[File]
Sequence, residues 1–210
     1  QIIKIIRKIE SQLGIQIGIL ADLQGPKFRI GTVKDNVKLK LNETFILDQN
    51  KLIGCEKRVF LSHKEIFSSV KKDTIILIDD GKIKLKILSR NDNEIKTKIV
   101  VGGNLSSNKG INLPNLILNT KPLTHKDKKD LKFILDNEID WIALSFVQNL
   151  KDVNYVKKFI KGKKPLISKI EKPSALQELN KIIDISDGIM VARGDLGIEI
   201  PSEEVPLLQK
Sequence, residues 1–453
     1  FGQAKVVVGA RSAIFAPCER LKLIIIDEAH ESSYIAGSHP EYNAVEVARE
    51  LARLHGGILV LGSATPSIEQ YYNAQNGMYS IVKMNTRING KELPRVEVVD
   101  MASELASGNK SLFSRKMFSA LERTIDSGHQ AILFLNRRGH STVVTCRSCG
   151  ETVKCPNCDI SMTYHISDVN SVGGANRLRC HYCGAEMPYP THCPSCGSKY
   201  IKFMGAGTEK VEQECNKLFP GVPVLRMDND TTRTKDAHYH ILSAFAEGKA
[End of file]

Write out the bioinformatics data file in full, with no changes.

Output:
Sequence, residues 1–210
     1  QIIKIIRKIE SQLGIQIGIL ADLQGPKFRI GTVKDNVKLK LNETFILDQN
    51  KLIGCEKRVF LSHKEIFSSV KKDTIILIDD GKIKLKILSR NDNEIKTKIV
   101  VGGNLSSNKG INLPNLILNT KPLTHKDKKD LKFILDNEID WIALSFVQNL
   151  KDVNYVKKFI KGKKPLISKI EKPSALQELN KIIDISDGIM VARGDLGIEI
   201  PSEEVPLLQK
Sequence, residues 1–453
     1  FGQAKVVVGA RSAIFAPCER LKLIIIDEAH ESSYIAGSHP EYNAVEVARE
    51  LARLHGGILV LGSATPSIEQ YYNAQNGMYS IVKMNTRING KELPRVEVVD
   101  MASELASGNK SLFSRKMFSA LERTIDSGHQ AILFLNRRGH STVVTCRSCG
   151  ETVKCPNCDI SMTYHISDVN SVGGANRLRC HYCGAEMPYP THCPSCGSKY
   201  IKFMGAGTEK VEQECNKLFP GVPVLRMDND TTRTKDAHYH ILSAFAEGKA